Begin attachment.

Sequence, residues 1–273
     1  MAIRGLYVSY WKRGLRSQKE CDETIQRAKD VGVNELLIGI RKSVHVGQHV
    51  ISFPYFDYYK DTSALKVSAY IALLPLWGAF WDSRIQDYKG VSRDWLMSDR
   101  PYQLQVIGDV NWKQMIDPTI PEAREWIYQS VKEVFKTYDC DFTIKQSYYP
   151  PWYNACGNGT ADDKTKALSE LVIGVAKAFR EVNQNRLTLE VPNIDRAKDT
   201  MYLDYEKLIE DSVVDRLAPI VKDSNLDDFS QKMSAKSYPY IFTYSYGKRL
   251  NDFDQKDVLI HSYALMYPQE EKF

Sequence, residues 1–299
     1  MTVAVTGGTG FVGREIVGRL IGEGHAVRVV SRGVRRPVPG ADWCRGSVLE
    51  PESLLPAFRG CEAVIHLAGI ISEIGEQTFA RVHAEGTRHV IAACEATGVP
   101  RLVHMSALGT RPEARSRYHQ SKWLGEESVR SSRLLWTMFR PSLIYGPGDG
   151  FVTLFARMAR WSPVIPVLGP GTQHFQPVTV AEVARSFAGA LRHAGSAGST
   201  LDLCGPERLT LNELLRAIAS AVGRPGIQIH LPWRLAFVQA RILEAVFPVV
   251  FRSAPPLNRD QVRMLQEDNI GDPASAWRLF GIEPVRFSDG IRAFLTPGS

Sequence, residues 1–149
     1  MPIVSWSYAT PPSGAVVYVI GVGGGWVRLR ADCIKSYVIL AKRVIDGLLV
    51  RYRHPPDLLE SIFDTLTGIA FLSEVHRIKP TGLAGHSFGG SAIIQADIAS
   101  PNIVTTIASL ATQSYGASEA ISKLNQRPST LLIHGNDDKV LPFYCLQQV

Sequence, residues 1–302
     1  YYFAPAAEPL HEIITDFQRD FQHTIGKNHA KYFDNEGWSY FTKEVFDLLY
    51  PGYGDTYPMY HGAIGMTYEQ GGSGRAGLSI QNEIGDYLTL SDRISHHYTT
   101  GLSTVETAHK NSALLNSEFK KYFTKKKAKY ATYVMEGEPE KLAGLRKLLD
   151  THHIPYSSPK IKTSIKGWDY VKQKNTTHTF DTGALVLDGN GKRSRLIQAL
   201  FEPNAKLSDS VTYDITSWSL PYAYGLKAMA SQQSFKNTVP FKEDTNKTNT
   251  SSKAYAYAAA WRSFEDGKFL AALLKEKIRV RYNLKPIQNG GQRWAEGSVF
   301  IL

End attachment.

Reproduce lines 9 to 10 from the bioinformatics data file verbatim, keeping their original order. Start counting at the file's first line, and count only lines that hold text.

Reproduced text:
     1  MTVAVTGGTG FVGREIVGRL IGEGHAVRVV SRGVRRPVPG ADWCRGSVLE
    51  PESLLPAFRG CEAVIHLAGI ISEIGEQTFA RVHAEGTRHV IAACEATGVP